No, you’re not reading the same story from Thursday night. And yes, I’m sure it’s not the other way around. Though I understand your skepticism, yet another 3-0 deficit was blown. On back-to-back nights no less. But, as they say, you’ve seen one 3-0 lead blown, you’ve seen them all. Then again..

Hockey in August, in Toronto, it’s a reality. And while the weather has had its impact on ice conditions, it’s become a welcomed sight for fans. But, Friday, the life of the hub’s hometown team was on the line and looked to be decided in the closing minutes of regulation.

A night after overcoming a 3-0 deficit to take a 2-1 lead in a best-of-five series, the Blue Jackets picked up right where they left off. Cam Atkinson scored 3:58 into the first for an early lead before Vladislav Gavrikov took a long shot to the net that caught an opposition player’s stick for a deflection for a multi-goal lead in the second.

Elvis Merzlikins, a night after helping the Jackets cause in relief effort, made 31 saves in the game’s first 40 minutes and added another five saves in the third before Boone Jenner’s tally 14:18 into the third made it a 3-0. Perhaps a bit of irony, for when the remaining 5:42 on the clock ran down, the Blue Jackets would skate off with a berth in the Stanley Cup Playoffs, sending the Leafs, who unlike the Jackets on Thursday, who rallied late in the second and had a full third to add to it, simply ran out of time.

A William Nylander wrister with the net empty at 3:57 to go, ended the shutout bid of Merzlikins that dated back to one night earlier, but 3-1, even absent the departing Zach Werenski (undisclosed), was a challenge for the Leafs, who have admittedly struggled with the Columbus’ defensive efforts.

A John Tavares tally on the next Leaf shot 16:54 into the third seemed a bit injected life onto the Toronto bench, while creeping in a bit of doubt to the team who enjoyed its own comeback one night ago. But, when a Zach Hyman shot off a feed from Auston Matthews with 23 seconds remaining beat Merzlikins for the equalizer, it was no longer ironic. But it still wasn’t the tale from a night ago.

Of course not until a Nick Foligno trip on Morgan Rielly, seen smashing his stick while on the bench with 5:42 remaining in the third, sent Toronto to their fourth power play of the contest after coming up empty on three in regulation. A Rielly hold at the line kept the puck in play for Mitch Marner and Tavares, who found Matthews, this time the shooter, ready to fire home the winner.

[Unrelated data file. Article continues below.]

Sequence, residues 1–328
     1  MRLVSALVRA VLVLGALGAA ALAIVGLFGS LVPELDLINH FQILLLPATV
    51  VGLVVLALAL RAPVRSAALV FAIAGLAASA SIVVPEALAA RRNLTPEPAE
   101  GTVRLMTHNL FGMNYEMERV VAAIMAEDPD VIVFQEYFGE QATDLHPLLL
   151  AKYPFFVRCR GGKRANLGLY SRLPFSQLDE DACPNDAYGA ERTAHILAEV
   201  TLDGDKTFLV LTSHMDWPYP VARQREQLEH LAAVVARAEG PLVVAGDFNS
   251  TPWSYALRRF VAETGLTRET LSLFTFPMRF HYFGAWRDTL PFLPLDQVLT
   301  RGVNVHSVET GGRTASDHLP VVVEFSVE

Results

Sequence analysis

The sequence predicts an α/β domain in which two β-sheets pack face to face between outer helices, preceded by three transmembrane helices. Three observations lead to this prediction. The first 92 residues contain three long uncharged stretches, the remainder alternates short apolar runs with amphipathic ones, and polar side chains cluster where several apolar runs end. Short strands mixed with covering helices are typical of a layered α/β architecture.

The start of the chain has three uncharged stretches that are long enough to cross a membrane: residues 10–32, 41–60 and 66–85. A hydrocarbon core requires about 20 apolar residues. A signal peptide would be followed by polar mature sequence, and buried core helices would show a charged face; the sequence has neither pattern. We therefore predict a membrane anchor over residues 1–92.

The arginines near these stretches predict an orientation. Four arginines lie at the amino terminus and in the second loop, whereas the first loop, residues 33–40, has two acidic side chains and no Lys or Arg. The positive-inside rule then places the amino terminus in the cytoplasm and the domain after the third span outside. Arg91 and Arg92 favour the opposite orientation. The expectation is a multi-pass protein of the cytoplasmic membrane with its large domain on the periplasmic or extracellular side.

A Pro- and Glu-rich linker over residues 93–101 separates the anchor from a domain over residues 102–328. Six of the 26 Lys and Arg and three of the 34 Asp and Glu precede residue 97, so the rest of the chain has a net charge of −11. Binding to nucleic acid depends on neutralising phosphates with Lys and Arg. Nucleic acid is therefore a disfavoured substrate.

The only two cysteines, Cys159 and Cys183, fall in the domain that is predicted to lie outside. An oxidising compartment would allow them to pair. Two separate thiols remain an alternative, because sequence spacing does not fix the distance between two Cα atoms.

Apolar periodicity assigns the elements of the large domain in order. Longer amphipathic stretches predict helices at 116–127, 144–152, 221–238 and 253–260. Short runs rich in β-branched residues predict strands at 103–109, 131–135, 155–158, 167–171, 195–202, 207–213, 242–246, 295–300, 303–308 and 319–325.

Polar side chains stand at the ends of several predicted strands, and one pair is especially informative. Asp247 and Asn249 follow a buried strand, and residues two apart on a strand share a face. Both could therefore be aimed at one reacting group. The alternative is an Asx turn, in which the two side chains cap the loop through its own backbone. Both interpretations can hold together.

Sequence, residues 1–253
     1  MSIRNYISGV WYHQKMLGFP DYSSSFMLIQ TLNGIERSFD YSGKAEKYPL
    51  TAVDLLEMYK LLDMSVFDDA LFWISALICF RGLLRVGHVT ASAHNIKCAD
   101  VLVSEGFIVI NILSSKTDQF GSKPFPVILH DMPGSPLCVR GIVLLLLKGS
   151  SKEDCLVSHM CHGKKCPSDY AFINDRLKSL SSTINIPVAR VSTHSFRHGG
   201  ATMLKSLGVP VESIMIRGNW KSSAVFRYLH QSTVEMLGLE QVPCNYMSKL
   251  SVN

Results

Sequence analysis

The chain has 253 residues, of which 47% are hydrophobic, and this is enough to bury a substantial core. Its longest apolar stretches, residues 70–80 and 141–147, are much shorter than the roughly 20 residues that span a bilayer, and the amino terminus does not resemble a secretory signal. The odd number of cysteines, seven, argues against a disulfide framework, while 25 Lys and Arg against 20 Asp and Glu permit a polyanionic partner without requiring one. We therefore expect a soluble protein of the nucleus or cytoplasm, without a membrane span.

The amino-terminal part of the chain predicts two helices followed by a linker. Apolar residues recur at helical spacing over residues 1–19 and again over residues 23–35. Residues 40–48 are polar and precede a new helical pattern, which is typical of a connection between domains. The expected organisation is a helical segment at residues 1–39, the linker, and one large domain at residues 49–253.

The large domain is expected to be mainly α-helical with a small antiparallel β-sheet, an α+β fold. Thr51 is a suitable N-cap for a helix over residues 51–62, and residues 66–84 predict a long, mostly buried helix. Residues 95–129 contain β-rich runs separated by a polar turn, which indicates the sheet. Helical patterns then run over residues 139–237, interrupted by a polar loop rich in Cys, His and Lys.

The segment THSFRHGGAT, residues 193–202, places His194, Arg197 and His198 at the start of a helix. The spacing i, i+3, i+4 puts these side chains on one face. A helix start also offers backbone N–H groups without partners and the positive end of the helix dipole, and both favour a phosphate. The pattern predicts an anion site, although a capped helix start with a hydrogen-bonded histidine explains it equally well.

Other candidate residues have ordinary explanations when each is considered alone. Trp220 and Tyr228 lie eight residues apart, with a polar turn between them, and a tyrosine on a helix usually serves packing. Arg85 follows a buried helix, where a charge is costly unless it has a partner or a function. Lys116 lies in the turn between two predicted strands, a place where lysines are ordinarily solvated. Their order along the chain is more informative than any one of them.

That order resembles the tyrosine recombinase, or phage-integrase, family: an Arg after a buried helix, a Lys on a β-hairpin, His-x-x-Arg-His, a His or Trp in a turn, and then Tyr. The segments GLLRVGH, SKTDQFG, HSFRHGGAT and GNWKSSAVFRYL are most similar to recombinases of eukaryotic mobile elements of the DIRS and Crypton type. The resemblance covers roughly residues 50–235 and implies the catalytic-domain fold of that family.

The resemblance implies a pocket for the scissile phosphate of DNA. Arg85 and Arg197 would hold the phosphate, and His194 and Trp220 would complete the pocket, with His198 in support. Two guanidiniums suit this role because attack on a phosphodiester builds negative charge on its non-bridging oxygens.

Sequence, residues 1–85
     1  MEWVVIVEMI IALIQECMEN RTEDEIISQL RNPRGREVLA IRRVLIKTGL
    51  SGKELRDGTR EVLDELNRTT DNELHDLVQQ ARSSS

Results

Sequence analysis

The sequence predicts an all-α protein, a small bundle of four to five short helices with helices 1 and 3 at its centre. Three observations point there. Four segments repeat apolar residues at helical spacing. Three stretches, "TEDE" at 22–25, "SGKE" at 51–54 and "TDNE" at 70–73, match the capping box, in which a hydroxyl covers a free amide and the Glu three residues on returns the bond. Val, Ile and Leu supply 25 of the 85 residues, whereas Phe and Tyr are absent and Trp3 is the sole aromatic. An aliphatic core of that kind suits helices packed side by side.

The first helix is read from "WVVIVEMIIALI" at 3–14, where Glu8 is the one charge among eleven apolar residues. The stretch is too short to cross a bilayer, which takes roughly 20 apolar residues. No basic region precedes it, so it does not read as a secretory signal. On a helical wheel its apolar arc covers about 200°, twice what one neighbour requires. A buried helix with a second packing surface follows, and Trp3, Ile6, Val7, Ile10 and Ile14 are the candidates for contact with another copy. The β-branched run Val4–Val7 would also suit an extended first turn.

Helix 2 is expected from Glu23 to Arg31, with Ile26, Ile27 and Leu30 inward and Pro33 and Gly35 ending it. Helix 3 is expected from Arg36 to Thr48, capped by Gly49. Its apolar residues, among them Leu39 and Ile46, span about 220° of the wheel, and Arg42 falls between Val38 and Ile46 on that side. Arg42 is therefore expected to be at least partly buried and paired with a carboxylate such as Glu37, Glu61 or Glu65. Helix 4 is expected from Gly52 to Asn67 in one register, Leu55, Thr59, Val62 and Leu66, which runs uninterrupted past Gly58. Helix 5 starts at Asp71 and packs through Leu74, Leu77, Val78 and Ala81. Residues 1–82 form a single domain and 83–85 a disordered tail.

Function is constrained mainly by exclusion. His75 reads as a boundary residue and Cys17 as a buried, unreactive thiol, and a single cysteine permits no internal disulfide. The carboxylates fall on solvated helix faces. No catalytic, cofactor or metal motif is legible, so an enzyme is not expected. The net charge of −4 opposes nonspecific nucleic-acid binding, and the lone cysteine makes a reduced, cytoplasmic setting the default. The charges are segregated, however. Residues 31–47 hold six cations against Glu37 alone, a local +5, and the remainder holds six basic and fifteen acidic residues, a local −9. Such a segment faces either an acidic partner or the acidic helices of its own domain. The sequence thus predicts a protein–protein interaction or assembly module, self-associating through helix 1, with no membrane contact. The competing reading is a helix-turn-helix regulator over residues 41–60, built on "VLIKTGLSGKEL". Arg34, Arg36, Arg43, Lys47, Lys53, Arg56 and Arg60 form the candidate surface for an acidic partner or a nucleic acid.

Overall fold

Like I said, you’ve seen one, you’ve seen them all. Then again..

“I’ve never been a part of anything like that,” Leafs forward, Jason Spezza said. “With the fire-power we have, the way they can put the puck in the net, we’re never out of it.”

That fire-power might’ve been one reason why Columbus couldn’t close out the game in regulation–as a cutting Matthews opted to send the puck over to Hyman.

“I saw Auston in the middle,” Hyman said. “I thought he was going to shoot it, too. He came back to me, I got it off my skate and just tried to throw it to the net. (Tavares) had a great screen and it went in. It was crazy.”

The series, which started as a meeting between the defensively-sound Jackets and the high-octane offense, trading wins that played into their strengths. But through four games, they’ve also taken on some new looks, especially in desperate times.

“I think just resilience,” Matthews said. “You’re going to go through up’s and down’s here. I think we’ve definitely been through our share. That’s just par for the course here. You just try to stick with it; focus on what we can control and focus on what we have in the locker room.”

Up next, a deciding fifth game for the two teams and providers of entertaining, who won’t say die on the season.

“That’s playoff hockey,” Toronto head coach, Sheldon Keefe said. “That’s guys not wanting to go down literally without a fight. It was great. It would have been so disappointing of course for it to end the way it was looking like it was going to. I mean, this is a funny game. I think there have been times in this season where we haven’t been rewarded perhaps when we should have. We got a little bit of good fortune today as a result of some of our resilience.”

The series finale will be Sunday night at 8 p.m.

 

About The Author

Mad about being born into a Mets household during the Yankees dynasty, Neal McHale turned to something different after the 2000 World Series. He got NHL 2001 as a gift and it helped pioneer a hockey love affair. His first sportswriting gig was covering the historically-gritty Big East Conference. Since 2015, he's been with Inside Hockey covering the NHL.

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